Strand Synthesis System for RT-PCR from Invitrogen (catalog no. 180980-051)
using 1 ?g of RNA. One-tenth of the total cDNA reaction mixture was used for
real-time PCR analyses. Gene-specific primers were designed to amplify 100-
nucleotide fragments of target genes (Tables 3 and 4). Each reaction was carried
out in a 15-?l volume with 50% SYBR green mixture, according to the manu-
facturer’s protocol (Bio-Rad IQ SYBR green Supermix; catalog no. 170-8882).
Reactions were performed in a MyiQ Single-Color Real-Time PCR Detection
System (catalog no. 170-9770) with the cycling conditions 72°C for 5 min and
95°C for 5 min, followed by 40 cycles of 95°C for 15 s, 52°C for 15 s, and 72°C for
20 s, plus 5 min at 72°C as a final step. The expression of each gene analyzed was
normalized against rpoB gene expression, which served as the internal control
(31). Relative mRNA levels were subsequently calculated using the 2???CT
threshold cycle method (26).
Western blot analysis. Cells were harvested by centrifugation and resuspended
in 300 ?l of 100 mM Tris-HCl, pH 8.0, and 50 mM NaCl. Samples were disrupted
by sonic oscillation, and cell debris was removed by centrifugation. SDS Tris-
tricine (300 ?l) buffer was added, and protein extracts were boiled for 5 min. The
Quick Start Bradford protein assay (Bio-Rad catalog no. 500-0201) was per-
formed on the final samples, and equal amounts of protein were loaded in each
lane. The samples were electrophoresed on SDS-15% polyacrylamide gels in
Tris-tricine buffer and were electrophoretically transferred onto a Trans-Blot
Transfer Medium nitrocellulose membrane (Bio-Rad catalog no. 162-0115). Im-
munoblotting was performed using rabbit polyclonal antibodies against B. subtilis
AT prepared by the Covance Company and peroxidase-conjugated affinity-pu-
rified anti-rabbit antibodies from Rockland (catalog no. 611-1302). The bound
antibodies were visualized using Super Signal WestPico chemiluminescent sub-
strate from ThermoScientific (catalog no. 34077). Their levels were quantitated
by the Adobe Photoshop program, version 7.0.
Real-time PCR comparisons of transcription of the trp
operon and other operons of B. subtilis and B. licheniformis. To
compare trp operon sensitivity to Trp starvation in B. subtilis
and B. licheniformis, we analyzed relevant mRNA levels in
cultures grown in minimal medium with or without excess
Trp and in minimal medium containing different levels of
IA, a structural homolog of Trp that is an inhibitor of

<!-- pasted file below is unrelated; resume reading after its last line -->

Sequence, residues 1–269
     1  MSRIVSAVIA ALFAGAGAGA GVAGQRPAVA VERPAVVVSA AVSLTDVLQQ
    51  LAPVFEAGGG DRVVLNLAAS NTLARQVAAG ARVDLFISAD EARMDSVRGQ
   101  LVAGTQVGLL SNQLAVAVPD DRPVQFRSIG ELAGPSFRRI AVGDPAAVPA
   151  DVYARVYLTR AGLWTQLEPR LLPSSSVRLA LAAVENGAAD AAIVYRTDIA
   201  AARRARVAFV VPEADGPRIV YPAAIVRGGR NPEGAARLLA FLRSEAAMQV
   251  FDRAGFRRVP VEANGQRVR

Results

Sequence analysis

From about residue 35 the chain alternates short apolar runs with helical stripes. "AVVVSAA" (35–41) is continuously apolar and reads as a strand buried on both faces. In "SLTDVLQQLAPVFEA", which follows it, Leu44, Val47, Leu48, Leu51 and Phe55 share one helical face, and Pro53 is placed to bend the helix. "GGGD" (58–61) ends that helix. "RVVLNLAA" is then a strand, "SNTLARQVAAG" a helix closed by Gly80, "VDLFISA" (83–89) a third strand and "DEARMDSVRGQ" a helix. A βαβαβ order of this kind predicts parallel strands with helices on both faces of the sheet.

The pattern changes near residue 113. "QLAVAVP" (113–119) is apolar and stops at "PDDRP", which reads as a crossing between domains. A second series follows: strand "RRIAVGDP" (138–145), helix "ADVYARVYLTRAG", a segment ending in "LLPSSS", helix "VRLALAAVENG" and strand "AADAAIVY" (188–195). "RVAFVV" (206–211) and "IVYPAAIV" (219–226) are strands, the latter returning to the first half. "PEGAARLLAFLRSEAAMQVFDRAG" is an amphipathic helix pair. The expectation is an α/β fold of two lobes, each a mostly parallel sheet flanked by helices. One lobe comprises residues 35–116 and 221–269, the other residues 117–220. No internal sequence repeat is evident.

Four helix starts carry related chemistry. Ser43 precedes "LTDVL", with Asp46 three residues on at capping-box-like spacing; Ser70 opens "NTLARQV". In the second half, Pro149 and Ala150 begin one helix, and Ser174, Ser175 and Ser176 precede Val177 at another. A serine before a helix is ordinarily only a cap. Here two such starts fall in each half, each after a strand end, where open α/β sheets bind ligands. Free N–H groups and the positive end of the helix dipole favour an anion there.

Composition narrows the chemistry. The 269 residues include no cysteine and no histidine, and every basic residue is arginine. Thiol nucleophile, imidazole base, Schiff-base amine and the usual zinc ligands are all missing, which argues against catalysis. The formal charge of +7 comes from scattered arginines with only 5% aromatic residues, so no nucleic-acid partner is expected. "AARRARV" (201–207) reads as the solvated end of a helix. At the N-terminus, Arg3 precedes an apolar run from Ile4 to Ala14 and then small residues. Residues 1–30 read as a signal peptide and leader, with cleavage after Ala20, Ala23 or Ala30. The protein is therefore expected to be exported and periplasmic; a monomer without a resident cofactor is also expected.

tryptophanyl-tRNA synthetase activity (27). The presence
of IA reduces tRNATrpcharging and therefore the availabil-
ity of Trp-tRNATrpfor new protein synthesis.
Gene expression (mRNA) levels were related to expression
TABLE 2. Strains and constructs used in the studies
B. subtilis wild type
B. licheniformis wild type
CYBS318 amyE::?Pat-LR-?T-Bl rtpLP-rtpA-ycbK?-lacZ?
CYBS318 amyE::?Pat-LR-?T-Bl rtpLP-rtpA-ycbK?-lacZ?
CYBS318 amyE::?Pat-LR-?T-Bl rtpLP-rtpA-ycbK?-lacZ?
CYBS318 amyE::?Pat-LR-?T-Bl rtpLP-rtpA-ycbK?-lacZ?
CYBS318 amyE::?Pat-LR-?T-Bl rtpLP-rtpA-ycbK?-lacZ?
No AT, no YcbK
?T Bl rtpLP
?T Bl rtpLP W5R
?T Bl rtpLP W5R; 15-nucleotide spacer
?T Bl rtpLP W8R
?T Bl rtpLP W22C
1520LEVITIN AND YANOFSKYJ. BACTERIOL.
levels for the rpoB gene, which served as the internal control
(see Materials and Methods). The mRNAs analyzed (Table 5)
were transcribed from the following genes: rtpA, encoding the
AT protein (38, 39); mtrB, encoding the TRAP protein (20,
21); aroF, the first gene in the aromatic supraoperon (21, 50);
trpE, the first gene of the trp suboperon (21); and trpS, the gene
encoding tryptophanyl-tRNA synthetase, the enzyme respon-
sible for charging of tRNATrpwith Trp (37). Our RT-PCR
analyses showed that in B. licheniformis, expression of rtpA and
trpE is upregulated in response to IA addition, as it is in B.
subtilis. However, most noticeably, B. licheniformis produces
substantially higher relative trp operon (trpE) mRNA levels
than B. subtilis when grown in the presence of IA (Table 5).
One possible explanation for this response is that B. licheni-
formis may need to produce more of the trp operon enzymes
under these conditions if it is to provide sufficient Trp for
overall protein synthesis and near-normal growth rates (Ta-
Growth sensitivities of B. subtilis and B. licheniformis to Trp
starvation. Our real-time PCR results suggested that Trp star-